1.5.1 Technical Considerations
As we look at the key technical components of any breast MRI protocol, abbreviated or standard, it is clear that an excellent T1-weighted (T1w) dynamic series with injection of a gadolinium-based contrast agent is essential for cancer detection. These contrast agents act by reducing the T1 in the microenvironment, increasing the signal in a T1w acquisition, so that regions or lesions with increased blood flow and permeability accumulate contrast media to a greater extent than the surrounding tissue, resulting in higher signal increase. The technical details outlined in the Breast Magnetic Resonance Imaging Accreditation Program sponsored by the ACR require both a T2w sequence and a multiphase T1w series. The dynamic series must include a precontrast T1w series, an early phase (first) postcontrast T1w series to be completed within 4 minutes of contrast injection, and a late phase T1w series with features matching the precontrast T1w series. 30 Measures of the rate of uptake and washout of contrast media within breast lesions have been shown to contain diagnostically useful information and the shape of the TIC is widely used in the classification of enhancing lesions. 31
The ACR Accreditation Program does not provide a specific protocol for screening indications. With this in mind, an AB-MR screening protocol could be constructed by shortening the dynamic component of a diagnostic examination to 2 to 3 minutes, acquiring data in the initial phase of enhancement only. An AB-MR study should fulfill the following requirements: standardized contrast administration based on kilogram weight using a power injector, total scan time of shorter than 10 minutes (including localizer), one pre- and one or two postcontrast gradient echo (GRE) fat-suppressed T1w axial acquisitions, with in-plane resolution of 1 mm or less, slice thickness of 3 mm of less. Addition of an axial T2w sequence with in-plane resolution matching the GRE sequences and 3 mm or less slice thickness is useful for improved specificity. The T1w dynamic sequence in diagnostic protocols would remain the same, and the traditional acquisition of dynamic data for 5 to 7 minutes following contrast injection and acquisition of DCE data in both the initial and delayed phase, as specified in the ACR Accreditation Program, would remain.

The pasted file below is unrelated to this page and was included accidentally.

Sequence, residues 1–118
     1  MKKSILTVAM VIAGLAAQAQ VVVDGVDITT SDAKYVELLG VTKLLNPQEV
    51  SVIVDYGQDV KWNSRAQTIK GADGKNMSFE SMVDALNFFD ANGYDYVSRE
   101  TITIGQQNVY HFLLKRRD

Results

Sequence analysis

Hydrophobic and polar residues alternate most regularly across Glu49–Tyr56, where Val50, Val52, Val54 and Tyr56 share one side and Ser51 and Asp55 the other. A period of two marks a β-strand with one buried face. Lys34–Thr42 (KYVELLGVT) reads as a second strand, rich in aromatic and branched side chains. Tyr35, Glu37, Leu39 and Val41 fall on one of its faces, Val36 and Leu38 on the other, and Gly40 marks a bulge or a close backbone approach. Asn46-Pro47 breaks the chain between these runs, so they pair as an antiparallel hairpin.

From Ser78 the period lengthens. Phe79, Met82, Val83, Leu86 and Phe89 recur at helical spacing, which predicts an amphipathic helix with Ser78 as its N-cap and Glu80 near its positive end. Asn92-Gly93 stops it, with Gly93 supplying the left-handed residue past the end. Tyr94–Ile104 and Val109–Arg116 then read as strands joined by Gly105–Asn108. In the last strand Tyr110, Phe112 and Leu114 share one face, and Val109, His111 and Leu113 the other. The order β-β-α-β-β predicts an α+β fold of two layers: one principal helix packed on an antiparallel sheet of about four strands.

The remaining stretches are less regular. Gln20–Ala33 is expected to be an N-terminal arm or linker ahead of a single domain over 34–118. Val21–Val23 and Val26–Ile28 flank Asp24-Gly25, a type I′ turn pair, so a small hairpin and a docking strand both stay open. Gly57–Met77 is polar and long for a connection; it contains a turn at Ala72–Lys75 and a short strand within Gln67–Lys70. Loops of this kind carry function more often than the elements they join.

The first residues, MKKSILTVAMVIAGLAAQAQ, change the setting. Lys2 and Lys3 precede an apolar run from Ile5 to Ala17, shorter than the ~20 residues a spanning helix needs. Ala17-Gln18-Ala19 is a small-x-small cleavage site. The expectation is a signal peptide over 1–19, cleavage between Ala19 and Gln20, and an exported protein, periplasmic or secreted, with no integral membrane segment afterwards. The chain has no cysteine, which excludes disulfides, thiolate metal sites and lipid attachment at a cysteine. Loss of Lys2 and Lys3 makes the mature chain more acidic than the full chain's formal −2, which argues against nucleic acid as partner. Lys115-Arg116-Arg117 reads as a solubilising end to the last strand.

In the near term, however, a new focus on adaptation and modification of the basic DCE T1w sequence has yielded promising results. Implementation of a short sequence for screening, using an abbreviated dynamic sequence (AB-MR), and use of ultrafast perfusion imaging in the initial dynamic phase are both relatively new methods, adapted for screening, and have already begun to be implemented in some radiology practices. A new ECOG/ACRIN trial “Comparison of Abbreviated Breast MRI and Digital Breast Tomosynthesis in Breast Cancer Screening in Women with Dense Breasts (EA1141)” opened in October 2016, and patient recruitment is now completed for the initial round. Details of the protocols used for screening and diagnostic indications will be provided in ensuing chapters.